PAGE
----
The Crop App Index website helps users to find crop health-related digital tools that support their decision-making. An exploration of available crop-related digital apps showed that there are thousands of plant health websites and apps. However, narrowing down search results to find relevant information is tricky and time-consuming for users.
CABI has developed the Crop App Index to address this challenge. The newly launched website provides a filterable catalogue of crop health-related mobile apps and websites along with information on their content and a link to the website or app store.
Crop app information
By collating information on available agricultural websites and apps, the Crop App Index aims to make it easier for extension workers, agro-input dealers and general users to find the plant health information they’re looking for. The platforms listed on the new website are all searchable and results can be filtered by a range of categories. The results returned give information on the websites and apps, including languages supported, country and crop focus, helping users to find exactly what they need.
Helping extension workers
Extension and advisory services are important for communicating science-based solutions with communities. They provide small-scale farmers with essential information on crop health, including pest and disease diagnosis, helping to stimulate agricultural production.
However, having access to current, relevant information is critical for agricultural extension workers to provide the correct farming advice to smallholders. There are thousands of digital support tools (mobile apps and web-based applications) available to assist in crop production, making it difficult to find necessary information quickly.
Crop app research
CABI carried out a landscaping analysis of these plant health information tools, which highlighted the difficulties users face when searching for agricultural apps. In particular, the research showed that narrowing down search results in app stores to those apps related to crop production is problematic. Both Google Play Store and Apple App Store allow for filters to narrow results, however, these filters are generic and not related to crop production.
This emphasised the need for a better way to search for crop production apps and led to the development of the Crop App Index website. Not only does the website allow users to easily search all the apps listed on the Crop App Index, but they can be filtered by categories including pesticides, knowledge delivery and crop production information. Users can also search Apple App Store, Google Play and websites simultaneously.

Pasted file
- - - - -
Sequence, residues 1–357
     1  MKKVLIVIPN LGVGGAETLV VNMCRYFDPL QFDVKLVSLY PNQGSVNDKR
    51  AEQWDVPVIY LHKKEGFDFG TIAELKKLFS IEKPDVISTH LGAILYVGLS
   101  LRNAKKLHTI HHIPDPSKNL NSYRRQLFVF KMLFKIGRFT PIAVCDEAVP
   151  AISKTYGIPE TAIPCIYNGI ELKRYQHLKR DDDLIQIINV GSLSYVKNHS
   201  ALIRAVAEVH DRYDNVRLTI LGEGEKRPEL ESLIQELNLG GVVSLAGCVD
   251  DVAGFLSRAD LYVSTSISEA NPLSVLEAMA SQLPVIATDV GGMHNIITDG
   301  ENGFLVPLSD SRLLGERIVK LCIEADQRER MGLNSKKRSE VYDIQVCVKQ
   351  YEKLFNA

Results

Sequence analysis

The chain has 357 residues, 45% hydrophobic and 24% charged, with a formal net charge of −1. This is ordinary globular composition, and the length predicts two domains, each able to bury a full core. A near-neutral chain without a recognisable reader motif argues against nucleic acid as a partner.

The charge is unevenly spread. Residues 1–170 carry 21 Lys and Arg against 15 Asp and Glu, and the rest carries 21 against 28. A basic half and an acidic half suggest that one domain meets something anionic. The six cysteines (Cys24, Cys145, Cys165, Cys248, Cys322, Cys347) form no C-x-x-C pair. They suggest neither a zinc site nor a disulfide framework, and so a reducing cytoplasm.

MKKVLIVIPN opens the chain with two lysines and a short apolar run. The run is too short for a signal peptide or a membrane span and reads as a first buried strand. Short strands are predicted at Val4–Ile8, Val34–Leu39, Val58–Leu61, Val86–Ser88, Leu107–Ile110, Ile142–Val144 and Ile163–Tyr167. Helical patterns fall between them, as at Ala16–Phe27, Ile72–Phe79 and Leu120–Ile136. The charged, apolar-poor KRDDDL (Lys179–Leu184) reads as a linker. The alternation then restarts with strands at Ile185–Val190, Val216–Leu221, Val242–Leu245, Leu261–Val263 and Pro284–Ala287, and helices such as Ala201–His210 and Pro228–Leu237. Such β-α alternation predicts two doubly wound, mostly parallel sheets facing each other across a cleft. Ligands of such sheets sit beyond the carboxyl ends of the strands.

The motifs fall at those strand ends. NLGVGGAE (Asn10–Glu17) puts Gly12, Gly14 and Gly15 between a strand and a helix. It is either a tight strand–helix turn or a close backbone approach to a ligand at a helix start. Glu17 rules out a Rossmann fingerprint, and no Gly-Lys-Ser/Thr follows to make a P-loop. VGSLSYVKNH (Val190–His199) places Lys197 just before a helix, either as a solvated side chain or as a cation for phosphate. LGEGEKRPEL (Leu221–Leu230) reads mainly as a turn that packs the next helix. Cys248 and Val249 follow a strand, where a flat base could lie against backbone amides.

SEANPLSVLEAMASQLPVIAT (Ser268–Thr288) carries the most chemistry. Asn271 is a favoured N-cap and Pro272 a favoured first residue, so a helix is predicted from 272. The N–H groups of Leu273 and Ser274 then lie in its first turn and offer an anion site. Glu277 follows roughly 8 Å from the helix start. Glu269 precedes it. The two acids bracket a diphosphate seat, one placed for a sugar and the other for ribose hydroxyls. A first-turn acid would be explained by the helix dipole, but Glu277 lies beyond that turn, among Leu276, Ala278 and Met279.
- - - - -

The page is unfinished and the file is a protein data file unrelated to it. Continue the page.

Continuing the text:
Crop App Index regularly updated
Not only will the website help extension workers and agro-input dealers with appropriate information transfer, but it will be easier for farmers to find the information they need to solve their crop problems. It will be particularly useful for those looking for a tool aimed at a specific country or crop.
The apps listed on the website will be regularly updated to include the latest tools and an automatic translation option is available.
For those interested in adding their crop health app or website to the Crop App Index then please get in touch with us at firstname.lastname@example.org
PlantwisePlus will support low and lower-middle income countries to predict, prepare themselves for and prevent plant health threats in a changing climate – reducing crop losses and empowering farmers to increase income, food security and food safety by producing more and higher quality food.
PlantwisePlus will therefore focus on: (a) strengthening detection of and response to pest outbreaks; (b) providing public and private agricultural service providers with better digital advisory tools to support farmers in sustainable crop management; (c) enhancing the availability of nature-positive and low-risk plant protection products to reduce reliance on high-risk farm inputs; (d) increasing consumer demand for and supply to local markets of safer, higher quality and locally produced food.
CABI gratefully acknowledges the financial support of the Directorate General for International Cooperation (DGIS, Netherlands), the European Commission Directorate General for International Partnerships (INTPA, EU), the UK Foreign, Commonwealth & Development Office (FCDO), the Swiss Agency for Development and Cooperation (SDC), for the PlantwisePlus programme.
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